Monday, 17 August 2015

Timequest - Won!

Written by Reiko

Temporal Corps Private Journal #13: This has been the weirdest day of my life. In chasing Vettenmyer, I get flung back and forth through several hours of time, encountering my past and future selves in close proximity, all to disarm a deadly trap Vettenmyer constructed. When he tries one last desperate thing and fails, I finally learn why I was the one chosen to carry out this mission.

Time to face Vettenmyer! I say 'east' to enter the Tower of Babel, which nets me twenty more points right away. On the wall in here, there are ten portraits, each of which correspond to one of the missions, and all the frames are glowing. I restore back just to check that it is possible to enter the tower at any time, assuming you know the password, but the far door won't be open unless all of the portraits are glowing, indicating that all of the missions are complete.


All missions complete!


Now things are going to get tricky. I step through the far door and immediately gain thirty more points and a bucketload of questions. The moment I walk in, a future self is dematerializing from one platform of an experimental time travel machine while pointing toward the other platform, plus footsteps can be heard approaching from another direction. If I stay and look around, Vettenmyer arrives, ties me up, starts gloating, and offers to let me watch him use his destruction device if I can guess his favorite number from 1 to 100. When I fail at that, he shoots me. The end.


Vettenmyer gloats in evil genius fashion.

The really interesting part is when he's talking about the key that can disable his destruction device. He says that philosopher was the founder of the Temporal Corps, having been given the original key by the man who discovered the secret of time travel (who is not described as the inventor of the interkron, though). Every full time agent (i.e. not me) has a copy of that key. Of course, without getting captured by Vettenmyer, I wouldn't hear any of this. Now I know I need to investigate the philosopher again, but I knew I'd missed something there anyway.

I notice that the door into the tower proper is also some kind of time portal, such that I always arrive at the same time regardless of how much I wander around 1361 BC Babylon first. That makes me wonder why Vettenmyer was a minute late in encountering me. If the arrival is a set time, why not just wait right there by the door and shoot me the second I show up? (Especially when I telegraph my arrival by tripping on the way in.) Why have a “doomsday device” as well? This guy clearly hasn’t read the Evil Overlord List. For instance: “I will be secure in my superiority. Therefore, I will feel no need to prove it by leaving clues to my Master Plan in the form of riddles for my enemies to find.” Or: “I will never utter the sentence "Before I kill you, you should know..."” Or: “I will not employ devious schemes that involve the band of heroes actually making it into my inner sanctum before the trap is sprung.” Etc.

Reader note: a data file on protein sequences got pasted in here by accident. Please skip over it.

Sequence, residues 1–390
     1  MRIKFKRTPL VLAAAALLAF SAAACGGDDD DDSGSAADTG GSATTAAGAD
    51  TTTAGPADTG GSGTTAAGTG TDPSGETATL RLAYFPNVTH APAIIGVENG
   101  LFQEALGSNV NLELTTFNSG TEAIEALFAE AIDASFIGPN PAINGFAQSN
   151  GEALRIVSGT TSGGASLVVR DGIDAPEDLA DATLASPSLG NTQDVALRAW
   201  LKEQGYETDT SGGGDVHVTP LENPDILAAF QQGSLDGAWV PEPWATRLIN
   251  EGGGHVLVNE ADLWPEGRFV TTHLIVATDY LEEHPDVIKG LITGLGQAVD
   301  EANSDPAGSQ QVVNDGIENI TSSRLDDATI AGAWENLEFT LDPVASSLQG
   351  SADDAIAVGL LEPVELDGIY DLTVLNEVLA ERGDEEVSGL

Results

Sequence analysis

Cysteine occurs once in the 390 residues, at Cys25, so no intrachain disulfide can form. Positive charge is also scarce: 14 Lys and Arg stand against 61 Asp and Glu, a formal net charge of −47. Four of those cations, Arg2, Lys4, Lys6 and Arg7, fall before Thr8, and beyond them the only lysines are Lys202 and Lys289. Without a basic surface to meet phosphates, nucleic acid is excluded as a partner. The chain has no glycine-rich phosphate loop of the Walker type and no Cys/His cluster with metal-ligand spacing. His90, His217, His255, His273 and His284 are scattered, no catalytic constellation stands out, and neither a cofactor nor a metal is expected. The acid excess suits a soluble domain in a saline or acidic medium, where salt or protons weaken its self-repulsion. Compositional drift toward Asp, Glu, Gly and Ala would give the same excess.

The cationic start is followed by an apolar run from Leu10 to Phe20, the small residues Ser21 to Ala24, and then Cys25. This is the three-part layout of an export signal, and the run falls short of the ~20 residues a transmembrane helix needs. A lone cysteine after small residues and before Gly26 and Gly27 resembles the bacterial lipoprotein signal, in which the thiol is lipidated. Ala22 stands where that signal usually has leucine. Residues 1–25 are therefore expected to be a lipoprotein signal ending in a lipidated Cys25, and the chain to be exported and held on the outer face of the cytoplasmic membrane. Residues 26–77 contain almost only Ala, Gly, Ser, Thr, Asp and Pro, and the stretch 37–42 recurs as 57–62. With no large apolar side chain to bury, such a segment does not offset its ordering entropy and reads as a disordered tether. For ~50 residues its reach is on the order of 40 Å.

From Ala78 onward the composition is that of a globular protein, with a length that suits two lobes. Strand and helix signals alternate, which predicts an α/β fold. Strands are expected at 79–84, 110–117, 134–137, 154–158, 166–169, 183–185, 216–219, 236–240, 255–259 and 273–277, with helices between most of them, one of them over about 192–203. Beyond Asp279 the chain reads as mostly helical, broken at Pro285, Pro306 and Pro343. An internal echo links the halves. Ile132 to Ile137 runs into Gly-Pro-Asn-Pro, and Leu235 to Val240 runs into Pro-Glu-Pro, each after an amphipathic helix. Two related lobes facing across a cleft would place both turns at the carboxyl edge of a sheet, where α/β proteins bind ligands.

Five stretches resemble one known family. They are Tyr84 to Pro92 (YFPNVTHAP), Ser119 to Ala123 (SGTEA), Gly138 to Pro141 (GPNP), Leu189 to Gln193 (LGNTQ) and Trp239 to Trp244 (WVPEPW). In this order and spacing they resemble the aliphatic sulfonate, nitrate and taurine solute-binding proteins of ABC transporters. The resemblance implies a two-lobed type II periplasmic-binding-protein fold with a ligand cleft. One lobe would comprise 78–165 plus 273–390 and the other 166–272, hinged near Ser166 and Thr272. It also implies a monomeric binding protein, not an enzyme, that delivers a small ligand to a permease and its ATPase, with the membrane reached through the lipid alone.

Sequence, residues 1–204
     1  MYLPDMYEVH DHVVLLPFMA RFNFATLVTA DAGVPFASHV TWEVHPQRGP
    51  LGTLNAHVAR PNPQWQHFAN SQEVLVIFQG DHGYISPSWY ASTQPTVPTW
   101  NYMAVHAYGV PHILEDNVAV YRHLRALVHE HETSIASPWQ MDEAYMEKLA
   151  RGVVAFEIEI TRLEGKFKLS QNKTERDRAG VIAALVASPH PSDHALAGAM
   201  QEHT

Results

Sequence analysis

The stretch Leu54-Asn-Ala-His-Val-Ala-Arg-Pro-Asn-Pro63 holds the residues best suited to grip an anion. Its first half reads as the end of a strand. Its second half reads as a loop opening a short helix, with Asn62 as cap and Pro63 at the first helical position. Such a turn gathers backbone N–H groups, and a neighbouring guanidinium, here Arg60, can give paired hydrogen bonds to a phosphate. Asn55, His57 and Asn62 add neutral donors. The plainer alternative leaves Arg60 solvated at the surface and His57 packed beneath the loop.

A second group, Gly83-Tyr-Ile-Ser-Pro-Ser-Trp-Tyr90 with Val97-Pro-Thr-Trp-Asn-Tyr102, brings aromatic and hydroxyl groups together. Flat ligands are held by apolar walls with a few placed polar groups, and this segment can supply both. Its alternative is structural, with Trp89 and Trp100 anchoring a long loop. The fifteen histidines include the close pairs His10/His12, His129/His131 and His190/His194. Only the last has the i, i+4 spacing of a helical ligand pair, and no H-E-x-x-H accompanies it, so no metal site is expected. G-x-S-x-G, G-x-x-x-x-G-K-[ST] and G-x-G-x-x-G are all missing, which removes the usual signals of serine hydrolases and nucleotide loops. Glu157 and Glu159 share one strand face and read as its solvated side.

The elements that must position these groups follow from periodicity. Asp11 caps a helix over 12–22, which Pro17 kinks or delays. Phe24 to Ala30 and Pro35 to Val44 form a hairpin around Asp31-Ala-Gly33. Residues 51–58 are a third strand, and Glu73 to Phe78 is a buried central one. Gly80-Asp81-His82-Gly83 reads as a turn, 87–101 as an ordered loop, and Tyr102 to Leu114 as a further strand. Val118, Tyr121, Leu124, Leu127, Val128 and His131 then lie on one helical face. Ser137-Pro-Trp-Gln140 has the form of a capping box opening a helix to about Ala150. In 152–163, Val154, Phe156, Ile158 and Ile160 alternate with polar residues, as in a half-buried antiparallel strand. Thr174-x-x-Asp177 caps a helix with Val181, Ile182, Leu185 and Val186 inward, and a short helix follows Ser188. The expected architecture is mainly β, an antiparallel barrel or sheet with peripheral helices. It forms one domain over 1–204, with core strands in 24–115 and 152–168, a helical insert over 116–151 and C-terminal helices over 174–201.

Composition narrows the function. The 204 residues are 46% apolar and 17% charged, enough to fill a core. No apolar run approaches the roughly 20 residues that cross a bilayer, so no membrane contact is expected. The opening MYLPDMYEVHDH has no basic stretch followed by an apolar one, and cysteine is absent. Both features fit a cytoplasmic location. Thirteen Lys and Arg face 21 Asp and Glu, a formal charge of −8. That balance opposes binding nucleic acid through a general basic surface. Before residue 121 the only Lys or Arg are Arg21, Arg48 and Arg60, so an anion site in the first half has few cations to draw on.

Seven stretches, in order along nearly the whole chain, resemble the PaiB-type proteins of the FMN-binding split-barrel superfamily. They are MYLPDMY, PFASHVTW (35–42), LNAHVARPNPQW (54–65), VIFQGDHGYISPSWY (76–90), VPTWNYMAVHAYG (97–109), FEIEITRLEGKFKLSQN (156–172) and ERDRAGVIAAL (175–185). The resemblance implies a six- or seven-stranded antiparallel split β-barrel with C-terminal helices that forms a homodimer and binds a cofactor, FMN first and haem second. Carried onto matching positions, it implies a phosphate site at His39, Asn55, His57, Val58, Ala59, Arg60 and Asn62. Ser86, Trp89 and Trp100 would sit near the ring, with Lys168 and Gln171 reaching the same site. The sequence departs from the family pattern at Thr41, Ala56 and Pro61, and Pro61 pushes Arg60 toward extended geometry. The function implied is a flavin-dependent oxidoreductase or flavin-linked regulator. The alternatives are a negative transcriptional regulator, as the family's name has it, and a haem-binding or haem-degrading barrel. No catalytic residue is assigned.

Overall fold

Anyway, I restore and, instead of getting captured, I dive immediately for the platform indicated by my future self and find myself flung exactly 57 minutes into the past. At this point, the room is empty. Notes on the wall confirm that the backward platform is set for 57 minutes, and the other platform is set for 62 minutes forward, with a minimum delay of five minutes between machine uses. The real question now is what do I need to accomplish to neutralize Vettenmyer? I look around for a few minutes and test the platforms, both of which send me into times where Vettenmyer is in the room and kills me immediately. I decide to just wait through the intervening time and become the future me I saw, jumping forward at the point where I entered the room in the first place.


Two time jumps executed correctly.

The second jump works perfectly. I hear myself coming and immediately step on the forward platform, signalling my past self just the way I saw it happen. I reappear 62 minutes later to find Vettenmyer on the floor, a future self tied up, and the device opened. So I do have to get captured at some point. At this point, though, I have one move before Vettenmyer grabs his laser gun and one more move before he shoots me. I can't get the gun before Vettenmyer does. If I had the key Vettenmyer mentioned, I could put it in the keyhole and maybe disable the device before jumping onto the platform. I suspect this is a dead-end path without the key.

I restore back to before I entered the tower and go talk to the philosopher again. He says a couple of interesting things now that I know who he is and that he has a key. He says, "As long as there is at least one student each generation, the academy will remain open." I remember at the beginning of the game, the academy location in 44 BC was empty, but at that point, I hadn't talked to the philosopher yet, and I hadn't had any reason to return since then. I return there and this time I find the same philosopher waiting for me. He appears to remember me, even. I don't understand how that's possible. Can he travel through time without an interkron?